sendmail-wrapper for PHP

Years ago I wrote about the extensive sendmail wrapper with sender throttling, a pretty simple Perl script. It reliably provided throttling of the email volume per day by the sender’s original UID (user id). It also logged the pathes of scripts that sent emails directly via sendmail (e.g. via PHP’s mail() function). The main flaw in the original sendmail wrapper was security, though. As in Linux, every executable script must be readable by the user that calls it, the throttle table in MySQL was basically open and every customer could manipulate it. Every customer could raise his own throttling limit and circumvent it.

Today, I’m publishing my new sendmail-wrapper that is going to fix all the flaws of the previous version and add some nice extras.
The new sendmail-wrapper is written entirely in PHP and does not require any external libraries. It is a complete rewrite and has pretty much nothing in common with the old Perl version.

This project is hosted on Github


  • Lets you monitor any mail traffic from PHP scripts
  • Allows throttling (limiting) emails sent by PHP’s mail() function
  • Throttle by sent email and/or recipient count per day
  • Logs both to syslog and database with message metadata
  • Logs common mail headers like From, To, Cc, Bcc, Subject
  • Fixes Return-Path header on the fly for users who did not correctly set it
  • Highly secured setup, customers cannot access the logging/throttling database
  • Standalone PHP application without any external library dependencies
  • Built for shared webhosting environment where PHP runs as cgi/FastCGI/suPHP
  • No cronjobs required, sendmail-wrapper will reset counters automatically every day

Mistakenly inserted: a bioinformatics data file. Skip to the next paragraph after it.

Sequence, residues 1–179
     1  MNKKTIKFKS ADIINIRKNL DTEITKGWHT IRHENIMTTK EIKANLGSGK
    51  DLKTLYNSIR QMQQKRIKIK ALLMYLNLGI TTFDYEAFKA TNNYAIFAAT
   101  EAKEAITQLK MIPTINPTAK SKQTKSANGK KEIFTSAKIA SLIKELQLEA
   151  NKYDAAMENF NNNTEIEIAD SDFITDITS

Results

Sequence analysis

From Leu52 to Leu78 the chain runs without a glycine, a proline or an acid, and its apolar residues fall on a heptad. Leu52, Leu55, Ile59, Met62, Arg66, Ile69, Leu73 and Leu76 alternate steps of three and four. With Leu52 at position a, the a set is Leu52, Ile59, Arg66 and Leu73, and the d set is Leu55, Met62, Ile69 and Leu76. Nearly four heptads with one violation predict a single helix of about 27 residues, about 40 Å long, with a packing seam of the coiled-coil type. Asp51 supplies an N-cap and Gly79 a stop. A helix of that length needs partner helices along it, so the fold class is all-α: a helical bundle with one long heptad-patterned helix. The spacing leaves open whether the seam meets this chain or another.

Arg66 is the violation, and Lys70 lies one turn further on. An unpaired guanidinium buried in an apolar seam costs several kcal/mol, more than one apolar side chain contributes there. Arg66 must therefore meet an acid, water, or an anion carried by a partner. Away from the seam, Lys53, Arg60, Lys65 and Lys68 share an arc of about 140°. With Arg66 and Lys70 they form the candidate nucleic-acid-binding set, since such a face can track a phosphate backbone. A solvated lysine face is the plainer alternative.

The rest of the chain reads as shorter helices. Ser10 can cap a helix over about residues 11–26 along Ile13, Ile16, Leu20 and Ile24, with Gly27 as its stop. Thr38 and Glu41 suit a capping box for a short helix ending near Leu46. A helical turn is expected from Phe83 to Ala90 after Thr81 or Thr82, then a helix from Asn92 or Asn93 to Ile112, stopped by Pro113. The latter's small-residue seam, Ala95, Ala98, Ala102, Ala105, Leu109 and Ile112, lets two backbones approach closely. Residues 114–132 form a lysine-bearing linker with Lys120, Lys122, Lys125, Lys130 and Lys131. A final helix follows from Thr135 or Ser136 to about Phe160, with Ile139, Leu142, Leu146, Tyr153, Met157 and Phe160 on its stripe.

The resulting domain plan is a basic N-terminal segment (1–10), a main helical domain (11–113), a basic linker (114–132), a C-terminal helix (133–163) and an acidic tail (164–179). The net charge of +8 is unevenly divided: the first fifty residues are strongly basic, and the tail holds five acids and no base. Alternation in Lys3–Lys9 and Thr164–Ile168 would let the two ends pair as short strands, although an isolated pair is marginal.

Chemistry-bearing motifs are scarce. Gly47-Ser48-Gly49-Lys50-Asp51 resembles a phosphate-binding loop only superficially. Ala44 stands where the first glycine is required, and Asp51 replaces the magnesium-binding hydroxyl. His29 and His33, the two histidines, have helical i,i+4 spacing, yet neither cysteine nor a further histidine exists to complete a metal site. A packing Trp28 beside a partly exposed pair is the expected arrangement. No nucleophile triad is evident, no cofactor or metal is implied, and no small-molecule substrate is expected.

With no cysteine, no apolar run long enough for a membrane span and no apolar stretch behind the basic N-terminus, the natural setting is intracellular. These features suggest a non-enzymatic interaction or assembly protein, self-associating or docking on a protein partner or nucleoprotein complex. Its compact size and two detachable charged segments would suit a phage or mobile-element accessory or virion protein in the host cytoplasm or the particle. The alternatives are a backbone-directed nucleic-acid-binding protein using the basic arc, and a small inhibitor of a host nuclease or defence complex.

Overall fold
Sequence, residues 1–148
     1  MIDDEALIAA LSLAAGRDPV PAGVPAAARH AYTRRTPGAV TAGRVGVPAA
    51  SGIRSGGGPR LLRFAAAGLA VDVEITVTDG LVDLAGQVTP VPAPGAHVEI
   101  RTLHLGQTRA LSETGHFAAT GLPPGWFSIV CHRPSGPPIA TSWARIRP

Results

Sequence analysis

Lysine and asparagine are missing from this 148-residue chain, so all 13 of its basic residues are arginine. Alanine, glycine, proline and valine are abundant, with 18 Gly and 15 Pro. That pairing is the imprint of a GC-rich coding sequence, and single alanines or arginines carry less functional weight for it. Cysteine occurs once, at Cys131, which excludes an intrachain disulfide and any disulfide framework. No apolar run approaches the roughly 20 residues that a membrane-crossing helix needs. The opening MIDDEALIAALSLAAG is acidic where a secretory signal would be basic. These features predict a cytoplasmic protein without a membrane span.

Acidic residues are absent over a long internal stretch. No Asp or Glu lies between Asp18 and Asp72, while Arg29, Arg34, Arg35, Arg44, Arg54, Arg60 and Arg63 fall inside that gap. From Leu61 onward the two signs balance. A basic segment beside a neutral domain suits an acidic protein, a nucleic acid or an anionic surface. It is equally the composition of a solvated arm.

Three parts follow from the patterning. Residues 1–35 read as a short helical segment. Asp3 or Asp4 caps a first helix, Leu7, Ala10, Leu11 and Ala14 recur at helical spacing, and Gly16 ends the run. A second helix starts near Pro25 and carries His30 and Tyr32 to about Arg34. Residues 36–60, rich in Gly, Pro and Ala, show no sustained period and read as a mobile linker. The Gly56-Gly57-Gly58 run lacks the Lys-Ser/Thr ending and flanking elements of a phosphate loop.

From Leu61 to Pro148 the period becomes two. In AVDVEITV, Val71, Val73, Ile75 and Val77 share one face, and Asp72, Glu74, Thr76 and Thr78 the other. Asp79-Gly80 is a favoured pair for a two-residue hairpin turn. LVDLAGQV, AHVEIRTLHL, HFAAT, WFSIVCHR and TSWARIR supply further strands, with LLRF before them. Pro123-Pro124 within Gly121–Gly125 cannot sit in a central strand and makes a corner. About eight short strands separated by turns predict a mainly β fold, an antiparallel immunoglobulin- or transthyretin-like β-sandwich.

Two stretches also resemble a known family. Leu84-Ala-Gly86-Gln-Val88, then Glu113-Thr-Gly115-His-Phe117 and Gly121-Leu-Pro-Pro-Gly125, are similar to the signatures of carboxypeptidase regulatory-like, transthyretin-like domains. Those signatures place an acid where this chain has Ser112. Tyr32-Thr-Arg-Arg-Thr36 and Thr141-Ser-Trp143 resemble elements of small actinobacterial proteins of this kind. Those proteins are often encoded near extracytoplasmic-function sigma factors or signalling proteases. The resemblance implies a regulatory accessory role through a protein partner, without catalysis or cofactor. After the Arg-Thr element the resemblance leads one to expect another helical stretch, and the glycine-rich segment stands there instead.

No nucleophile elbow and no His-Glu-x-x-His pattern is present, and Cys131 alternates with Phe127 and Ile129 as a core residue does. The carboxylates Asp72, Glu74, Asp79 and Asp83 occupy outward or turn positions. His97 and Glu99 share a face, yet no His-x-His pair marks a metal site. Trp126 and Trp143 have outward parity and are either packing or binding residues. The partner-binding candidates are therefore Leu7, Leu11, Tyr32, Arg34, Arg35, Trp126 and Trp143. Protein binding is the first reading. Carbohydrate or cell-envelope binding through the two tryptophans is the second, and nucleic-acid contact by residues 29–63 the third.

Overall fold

The idea behind this secure setup:

Logging is done only via syslog, no customer can read or modify syslog entries. The sendmail-wrapper is split into two components: sendmail-wrapper.php and sendmail-throttle.php. The wrapper component will only do some syslogging and analyze some headers. It will also fix the Return-Path header if applicable as most customers forget to correctly set it in PHP. sendmail-wrapper.php is readable and executable by every customer. This is a strong requirement as our customers all run their script under their own UID, PHP runs as cgi/FastCGI/suPHP. The throttle component is where it gets more interesting. The sendmail-throttle.php script can only be executed by user sendmailwrapper which is an equally unprivileged system user like every other customer user. The throttling script will NOT be world readable and it will read it’s configuration from an extra file config.private.ini which contains the database password. The correct permissions are set by our installation script.

Return-Path fixing

Most customers just forget to set a Return-Path when they use PHP’s built-in mail() function. Even if they try to set it in the $additional_headers variable, it will not get correctly set on most systems. The only way ist to set it via the $additional_parameters variable, using the -f or -r switches. 99% of our customers simply can’t manage this, seriously!
This sendmail-wrapper is extracting the email address from the Return-Path header, and if it doesn’t exist, it will just take the sender’s address (from the From header) as return-path. This is actually one of the most important features of my sendmail-wrapper, even if it might get overlooked and you’re installing the wrapper because of it’s logging and throttling capabilities.


(for detailed instructions, please consult the README on Github)

Clone repository from GitHub:

Setup system user for sendmail-wrapper:

The installer script will correctly setup permissions and symlink the wrapper scripts:

Add the following lines to your /etc/sudoers:

Add/modify the following in your php.ini:

Import the sendmailwrapper database schema:

Create a MySQL user with the following permissions:


Default configuration can be found in config.ini:

You should not change any of the above values. Create your own config.local.ini instead to overwrite some values, e.g.:

Never put your database password in any of the above configuration files. Use another configuration file called config.private.ini instead, e.g.:

Sample syslog output

MySQL database ’sendmailwrapper›

You may access both MySQL tables directly: throttle to tweak each system user’s limits (they will be persistent! Only counters are gettingn reset every day), messages for detailed message header reviewing or for statistical purposes.

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